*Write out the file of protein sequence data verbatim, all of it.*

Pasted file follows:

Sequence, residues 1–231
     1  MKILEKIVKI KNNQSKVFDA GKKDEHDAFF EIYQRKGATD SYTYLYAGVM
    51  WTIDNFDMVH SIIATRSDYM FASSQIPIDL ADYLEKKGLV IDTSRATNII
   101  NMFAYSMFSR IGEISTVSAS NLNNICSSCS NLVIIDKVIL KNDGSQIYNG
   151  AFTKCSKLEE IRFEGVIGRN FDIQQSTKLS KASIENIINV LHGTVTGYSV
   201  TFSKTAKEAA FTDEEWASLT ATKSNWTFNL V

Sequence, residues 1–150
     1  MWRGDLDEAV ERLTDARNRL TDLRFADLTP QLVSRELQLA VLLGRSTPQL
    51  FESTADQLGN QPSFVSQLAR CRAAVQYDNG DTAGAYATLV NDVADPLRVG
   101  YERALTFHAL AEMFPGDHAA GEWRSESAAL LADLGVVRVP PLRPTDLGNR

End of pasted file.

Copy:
Sequence, residues 1–231
     1  MKILEKIVKI KNNQSKVFDA GKKDEHDAFF EIYQRKGATD SYTYLYAGVM
    51  WTIDNFDMVH SIIATRSDYM FASSQIPIDL ADYLEKKGLV IDTSRATNII
   101  NMFAYSMFSR IGEISTVSAS NLNNICSSCS NLVIIDKVIL KNDGSQIYNG
   151  AFTKCSKLEE IRFEGVIGRN FDIQQSTKLS KASIENIINV LHGTVTGYSV
   201  TFSKTAKEAA FTDEEWASLT ATKSNWTFNL V

Sequence, residues 1–150
     1  MWRGDLDEAV ERLTDARNRL TDLRFADLTP QLVSRELQLA VLLGRSTPQL
    51  FESTADQLGN QPSFVSQLAR CRAAVQYDNG DTAGAYATLV NDVADPLRVG
   101  YERALTFHAL AEMFPGDHAA GEWRSESAAL LADLGVVRVP PLRPTDLGNR